After you’ve identified your core fears and the ways they show up in your daily life, it’s time to challenge them. These are deeply held beliefs you’ve likely had for years — if not decades — so this is not always an easy or comfortable task. That’s why at The Sanctuary, our comprehensive program allows you to challenge your core fears in a safe and supportive environment. We also provide the tools you need to redefine how your fears and hurt show up in your life. 

Holistically Address Your Soul Wounds and Fears

Because our core wounds and fears infiltrate every part of our lives, we address their presence in all of the components of holistic health: physical, mental, spiritual, and social.  

At The Sanctuary, you’ll eat nutrient-dense, anti-inflammatory meals, which repairs your gut health to support your emotional recovery. We also use bodywork and movement to help you physically release the trauma that’s causing your core wound and core fears. 

You’ll also have daily individual and group therapy sessions to help you work through your unresolved trauma. We use a broad range of psychotherapy and mindfulness techniques to help you find the methods that let you heal best. 

Core wounds and fears reside in your soul, so spiritual recovery is an important part of healing. Our on-staff healers are skilled practitioners of energy medicine, which unblocks your energy flow and reconnects you with your essence. Through holistic therapies, you can explore new ways of expressing yourself and connecting with those around you.

Finally, because our community is one of mutual support and understanding, you’re able to heal your wounds and find your true self at The Sanctuary. From the moment you step onto our tranquil Sedona campus, you become an integral part of our Sanctuary family. In this accepting environment, you can be vulnerable throughout your recovery journey and focus on healing, rather than guarding yourself against potential threats.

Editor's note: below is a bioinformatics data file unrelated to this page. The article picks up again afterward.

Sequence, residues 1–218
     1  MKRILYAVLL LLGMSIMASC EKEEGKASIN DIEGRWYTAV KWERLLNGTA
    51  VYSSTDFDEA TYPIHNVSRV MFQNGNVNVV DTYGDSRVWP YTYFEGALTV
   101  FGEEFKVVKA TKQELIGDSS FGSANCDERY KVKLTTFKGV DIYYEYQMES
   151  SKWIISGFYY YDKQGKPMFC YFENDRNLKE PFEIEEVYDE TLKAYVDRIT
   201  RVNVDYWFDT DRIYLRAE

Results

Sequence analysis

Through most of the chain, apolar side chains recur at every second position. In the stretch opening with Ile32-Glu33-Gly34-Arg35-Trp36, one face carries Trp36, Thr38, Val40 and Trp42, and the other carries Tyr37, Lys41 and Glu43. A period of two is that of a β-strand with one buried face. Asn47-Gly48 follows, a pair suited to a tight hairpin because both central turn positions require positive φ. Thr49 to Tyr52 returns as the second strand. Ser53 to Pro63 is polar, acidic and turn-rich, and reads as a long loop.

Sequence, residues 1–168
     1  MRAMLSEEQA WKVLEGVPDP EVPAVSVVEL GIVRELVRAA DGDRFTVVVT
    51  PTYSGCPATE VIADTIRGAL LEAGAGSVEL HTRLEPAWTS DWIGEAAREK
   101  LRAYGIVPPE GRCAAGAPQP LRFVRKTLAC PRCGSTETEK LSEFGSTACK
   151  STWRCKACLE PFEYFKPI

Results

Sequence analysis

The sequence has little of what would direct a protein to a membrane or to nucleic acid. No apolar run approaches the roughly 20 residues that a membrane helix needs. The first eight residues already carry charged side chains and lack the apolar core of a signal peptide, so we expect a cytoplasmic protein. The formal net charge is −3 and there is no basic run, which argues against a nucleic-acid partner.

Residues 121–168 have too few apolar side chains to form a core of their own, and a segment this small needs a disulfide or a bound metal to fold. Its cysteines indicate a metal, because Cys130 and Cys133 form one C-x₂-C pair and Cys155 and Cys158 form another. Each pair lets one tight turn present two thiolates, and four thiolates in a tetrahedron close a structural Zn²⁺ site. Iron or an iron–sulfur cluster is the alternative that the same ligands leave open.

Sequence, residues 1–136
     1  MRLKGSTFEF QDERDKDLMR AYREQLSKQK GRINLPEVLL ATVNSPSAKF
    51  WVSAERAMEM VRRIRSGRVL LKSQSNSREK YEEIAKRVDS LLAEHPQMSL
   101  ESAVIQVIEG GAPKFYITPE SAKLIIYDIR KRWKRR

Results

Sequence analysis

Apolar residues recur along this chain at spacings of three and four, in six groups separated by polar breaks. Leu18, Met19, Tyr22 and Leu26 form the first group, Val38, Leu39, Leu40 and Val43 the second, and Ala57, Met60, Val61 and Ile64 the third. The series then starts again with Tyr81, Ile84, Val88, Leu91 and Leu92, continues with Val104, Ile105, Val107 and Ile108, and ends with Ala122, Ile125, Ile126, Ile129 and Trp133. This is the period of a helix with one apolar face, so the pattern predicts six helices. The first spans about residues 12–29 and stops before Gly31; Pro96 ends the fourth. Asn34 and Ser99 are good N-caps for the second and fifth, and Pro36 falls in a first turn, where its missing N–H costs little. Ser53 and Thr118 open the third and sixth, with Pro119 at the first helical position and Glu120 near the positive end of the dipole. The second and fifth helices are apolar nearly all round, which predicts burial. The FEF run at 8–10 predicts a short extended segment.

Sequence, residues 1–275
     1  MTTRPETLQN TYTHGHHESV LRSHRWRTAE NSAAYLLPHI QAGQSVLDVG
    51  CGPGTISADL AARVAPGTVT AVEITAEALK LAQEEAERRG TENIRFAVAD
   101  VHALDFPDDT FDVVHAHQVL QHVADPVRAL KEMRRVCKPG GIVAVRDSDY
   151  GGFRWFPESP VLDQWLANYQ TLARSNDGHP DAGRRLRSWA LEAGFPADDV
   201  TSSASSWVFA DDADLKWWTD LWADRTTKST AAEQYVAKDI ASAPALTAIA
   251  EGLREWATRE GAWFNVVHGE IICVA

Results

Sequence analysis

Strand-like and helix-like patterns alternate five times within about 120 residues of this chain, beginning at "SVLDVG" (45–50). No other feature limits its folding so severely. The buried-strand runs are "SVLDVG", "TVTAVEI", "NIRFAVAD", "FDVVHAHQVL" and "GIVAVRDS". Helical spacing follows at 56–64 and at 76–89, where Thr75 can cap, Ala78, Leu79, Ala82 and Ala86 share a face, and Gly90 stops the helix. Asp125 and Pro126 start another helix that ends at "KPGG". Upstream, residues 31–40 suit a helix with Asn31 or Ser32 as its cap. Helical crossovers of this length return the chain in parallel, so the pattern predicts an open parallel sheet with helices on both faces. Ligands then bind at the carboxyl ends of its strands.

Take a Step Back to Dig Deep and Heal

Our intensive treatment program allows you to step outside of your everyday routine and look at the bigger picture of your life. From that distance, it’s easier to see how your unresolved hurt has been affecting your life. And our experienced and understanding staff provides you with new tools and perspectives to help you heal. Because we know you’re not a “broken” person who needs fixing. You’re a whole person, worthy of love, and we are here to support your journey of discovering that. 

Contact us to learn more about our holistic healing program and start healing your core wounds and fears today. 

Kelley Alexander JD. photo

Kelley Alexander JD.  is the co-director of The Sanctuary at Sedona and has worked over the last decade to develop its innovative Integrative Addiction Recovery Program that has helped hundreds of clients to be recovered from addiction and co-occurring disorders. Through her pioneering work, Kelley and her team at The Sanctuary also work with clients to overcome issues related to codependency, anxiety, depression, and PTSD. A JD and former practicing attorney, Kelley holds a BA in World Religions and has done graduate work in psychology. She is an ordained minister, certified shamanic breathwork facilitator, and a graduate of the Four Winds Healing The Light Body School, the premier energy medicine program founded by Alberto Villoldo. Kelley has also been a student of Dr. Joe Dispenza since 2009. She is a member of the Association for Comprehensive Energy Psychology and the Institute for Holistic Addiction Studies. She is a frequent lecturer at seminars and conferences throughout the United States.